We usually hang out on IRC, you can find me there most evenings European time.
The zip file is not a very iterativefreindly format for improving the benchmarks, how can I contribute to your work?  There should be some kind of shell script that downloads and installs the packages from a known source so anyone else can reproduce  You should add np.__config__.show() to the scripts so the output reflects the external libraries used  Examine other suites to find how they display the basic python/computer/environment variables in use when you run the bencmarks
 how many cores are in use? How much memory?
 You should check the result, for instance AFAICT the dsums benchmark does not run to completion on numpypy, bincount is not implemented Matti
Thank you for your feedback. I started the process of making the benchmarks open source, so that we can easily collaborate. Until then, I will make the modifications you suggested. Regards, Florin
Hi, On 27 July 2016 at 10:35, Papa, Florin <florin.papa@intel.com> wrote:
I am sorry, I mistakenly switched the header of the table, the middle column is actually the result for PyPy NumPyPy.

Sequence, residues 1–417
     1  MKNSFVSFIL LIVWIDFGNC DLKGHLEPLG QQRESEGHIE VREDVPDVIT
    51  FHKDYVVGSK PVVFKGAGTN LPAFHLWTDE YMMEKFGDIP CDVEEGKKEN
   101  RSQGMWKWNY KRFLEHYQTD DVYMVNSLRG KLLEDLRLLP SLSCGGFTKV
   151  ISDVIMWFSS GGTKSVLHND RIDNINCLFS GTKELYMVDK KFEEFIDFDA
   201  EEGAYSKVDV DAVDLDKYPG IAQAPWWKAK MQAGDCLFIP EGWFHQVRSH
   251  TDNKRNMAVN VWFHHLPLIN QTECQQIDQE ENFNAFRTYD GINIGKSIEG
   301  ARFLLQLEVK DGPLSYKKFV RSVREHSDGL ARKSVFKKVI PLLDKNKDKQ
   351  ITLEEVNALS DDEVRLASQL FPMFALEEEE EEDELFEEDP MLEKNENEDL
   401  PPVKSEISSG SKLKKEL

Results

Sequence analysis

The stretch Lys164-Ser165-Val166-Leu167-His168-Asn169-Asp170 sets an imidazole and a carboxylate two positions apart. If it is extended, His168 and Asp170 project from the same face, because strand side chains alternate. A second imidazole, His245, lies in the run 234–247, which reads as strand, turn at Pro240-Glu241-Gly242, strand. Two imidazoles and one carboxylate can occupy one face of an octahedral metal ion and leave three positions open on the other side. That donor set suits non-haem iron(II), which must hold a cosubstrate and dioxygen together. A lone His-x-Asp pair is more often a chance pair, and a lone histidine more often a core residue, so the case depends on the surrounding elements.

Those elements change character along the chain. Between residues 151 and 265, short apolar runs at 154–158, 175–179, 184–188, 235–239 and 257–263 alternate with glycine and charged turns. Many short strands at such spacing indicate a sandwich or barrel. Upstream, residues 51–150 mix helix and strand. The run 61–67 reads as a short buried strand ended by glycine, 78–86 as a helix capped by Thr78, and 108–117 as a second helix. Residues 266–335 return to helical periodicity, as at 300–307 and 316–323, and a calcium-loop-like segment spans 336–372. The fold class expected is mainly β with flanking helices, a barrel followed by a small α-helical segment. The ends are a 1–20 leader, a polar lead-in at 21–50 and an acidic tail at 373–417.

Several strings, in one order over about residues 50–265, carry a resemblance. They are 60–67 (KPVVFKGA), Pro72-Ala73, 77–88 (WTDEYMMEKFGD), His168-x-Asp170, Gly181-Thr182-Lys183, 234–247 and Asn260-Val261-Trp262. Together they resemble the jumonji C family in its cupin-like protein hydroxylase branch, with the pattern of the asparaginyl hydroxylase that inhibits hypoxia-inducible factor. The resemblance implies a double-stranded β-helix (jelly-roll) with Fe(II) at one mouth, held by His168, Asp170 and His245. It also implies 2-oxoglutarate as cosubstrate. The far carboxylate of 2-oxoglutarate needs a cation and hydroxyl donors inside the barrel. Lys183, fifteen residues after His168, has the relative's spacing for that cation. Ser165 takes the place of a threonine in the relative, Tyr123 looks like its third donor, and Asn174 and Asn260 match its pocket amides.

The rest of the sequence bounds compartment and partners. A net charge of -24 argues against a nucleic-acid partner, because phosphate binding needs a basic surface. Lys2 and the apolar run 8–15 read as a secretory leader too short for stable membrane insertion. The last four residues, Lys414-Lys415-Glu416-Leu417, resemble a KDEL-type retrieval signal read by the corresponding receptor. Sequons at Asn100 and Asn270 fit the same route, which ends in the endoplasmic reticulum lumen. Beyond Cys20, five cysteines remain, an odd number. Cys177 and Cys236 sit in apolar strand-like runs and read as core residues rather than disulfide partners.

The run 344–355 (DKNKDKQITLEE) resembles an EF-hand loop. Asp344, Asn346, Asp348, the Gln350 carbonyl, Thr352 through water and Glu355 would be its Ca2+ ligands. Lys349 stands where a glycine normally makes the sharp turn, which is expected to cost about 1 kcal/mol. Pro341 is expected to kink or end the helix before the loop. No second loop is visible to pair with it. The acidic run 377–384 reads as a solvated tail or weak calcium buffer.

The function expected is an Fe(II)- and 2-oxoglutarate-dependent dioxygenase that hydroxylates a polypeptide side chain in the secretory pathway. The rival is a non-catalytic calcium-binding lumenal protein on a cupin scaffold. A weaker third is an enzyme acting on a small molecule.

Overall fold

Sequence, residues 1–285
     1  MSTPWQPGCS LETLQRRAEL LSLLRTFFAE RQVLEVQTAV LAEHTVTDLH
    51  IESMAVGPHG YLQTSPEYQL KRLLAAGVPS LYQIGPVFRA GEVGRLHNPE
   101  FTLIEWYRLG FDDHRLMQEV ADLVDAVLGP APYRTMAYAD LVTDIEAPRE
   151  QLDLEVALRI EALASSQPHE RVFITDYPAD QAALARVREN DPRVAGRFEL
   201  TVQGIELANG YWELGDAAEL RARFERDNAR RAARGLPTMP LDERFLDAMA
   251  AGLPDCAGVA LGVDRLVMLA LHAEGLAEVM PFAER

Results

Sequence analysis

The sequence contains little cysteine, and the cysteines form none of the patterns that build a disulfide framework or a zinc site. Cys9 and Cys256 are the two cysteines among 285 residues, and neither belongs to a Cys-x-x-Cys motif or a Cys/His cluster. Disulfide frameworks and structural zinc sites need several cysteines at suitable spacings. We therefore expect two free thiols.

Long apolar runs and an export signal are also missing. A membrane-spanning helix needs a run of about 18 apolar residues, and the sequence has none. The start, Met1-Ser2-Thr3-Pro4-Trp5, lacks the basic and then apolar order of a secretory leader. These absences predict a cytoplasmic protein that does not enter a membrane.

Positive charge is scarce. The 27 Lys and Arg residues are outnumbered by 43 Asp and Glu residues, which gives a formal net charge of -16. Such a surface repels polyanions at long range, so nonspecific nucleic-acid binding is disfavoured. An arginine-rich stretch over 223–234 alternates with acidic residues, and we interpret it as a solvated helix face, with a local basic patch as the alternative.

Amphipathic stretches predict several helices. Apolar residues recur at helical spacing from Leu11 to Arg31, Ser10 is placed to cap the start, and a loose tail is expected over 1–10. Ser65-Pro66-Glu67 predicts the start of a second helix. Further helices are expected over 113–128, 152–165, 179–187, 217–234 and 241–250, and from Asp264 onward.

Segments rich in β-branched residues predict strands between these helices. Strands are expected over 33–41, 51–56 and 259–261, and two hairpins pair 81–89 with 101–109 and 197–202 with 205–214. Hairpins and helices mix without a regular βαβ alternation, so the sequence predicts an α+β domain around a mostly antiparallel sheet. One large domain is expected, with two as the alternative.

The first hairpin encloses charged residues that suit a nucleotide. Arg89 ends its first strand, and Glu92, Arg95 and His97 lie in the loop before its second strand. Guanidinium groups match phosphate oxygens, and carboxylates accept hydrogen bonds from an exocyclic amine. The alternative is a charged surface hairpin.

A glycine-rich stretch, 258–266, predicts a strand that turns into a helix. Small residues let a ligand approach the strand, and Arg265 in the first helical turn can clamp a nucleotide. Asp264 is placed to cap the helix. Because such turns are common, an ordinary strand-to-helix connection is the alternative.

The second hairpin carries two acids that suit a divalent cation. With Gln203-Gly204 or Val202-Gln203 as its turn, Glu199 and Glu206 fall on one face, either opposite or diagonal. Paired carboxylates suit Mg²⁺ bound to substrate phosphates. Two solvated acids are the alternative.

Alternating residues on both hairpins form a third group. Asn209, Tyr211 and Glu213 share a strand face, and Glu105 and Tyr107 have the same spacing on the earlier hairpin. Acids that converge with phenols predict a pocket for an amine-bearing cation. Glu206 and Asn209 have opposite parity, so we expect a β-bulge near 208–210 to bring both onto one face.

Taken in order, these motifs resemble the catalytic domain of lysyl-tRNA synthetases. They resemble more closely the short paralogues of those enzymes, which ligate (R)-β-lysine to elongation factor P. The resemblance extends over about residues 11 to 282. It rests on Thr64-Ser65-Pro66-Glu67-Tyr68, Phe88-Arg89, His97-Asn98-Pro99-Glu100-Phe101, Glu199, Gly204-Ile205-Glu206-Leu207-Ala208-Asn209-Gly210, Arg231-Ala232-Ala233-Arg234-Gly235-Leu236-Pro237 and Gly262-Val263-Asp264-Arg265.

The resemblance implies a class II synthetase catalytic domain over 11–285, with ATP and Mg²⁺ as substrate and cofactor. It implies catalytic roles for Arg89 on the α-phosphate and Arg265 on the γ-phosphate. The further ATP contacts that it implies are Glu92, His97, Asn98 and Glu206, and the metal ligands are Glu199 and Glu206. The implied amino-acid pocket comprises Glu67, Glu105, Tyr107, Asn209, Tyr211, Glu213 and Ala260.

The resulting table makes sense to me: it shows that PyPy NumPy (with cpyext) is, in most case, running at the same speed as CPython NumPy; and the rare exceptions can be guessed to be because these benchmarks happen to invoke a much larger number of CPython C API calls than all the others. The table also shows that PyPy NumPyPy is really slower, even with vectorization enabled. It seems that the current focus of our work, on continuing to improve cpyext instead of numpypy, is a good idea. A bientôt, Armin.
Hi Armin,
The table also shows that PyPy NumPyPy is really slower, even with vectorization enabled. It seems that the current focus of our work, on continuing to improve cpyext instead of numpypy, is a good idea.
Does this mean that the main direction is to support NumPy (through improving cpyext) instead of maintaining NumPyPy? Is NumPy (with cpyext) fully supported in PyPy, or are there any known compatibility issues? Regards, Florin
On Mon, Aug 1, 2016 at 10:02 AM, Papa, Florin <florin.papa@intel.com> wrote:
Hi Armin,
The table also shows that PyPy NumPyPy is really slower, even with vectorization enabled. It seems that the current focus of our work, on continuing to improve cpyext instead of numpypy, is a good idea.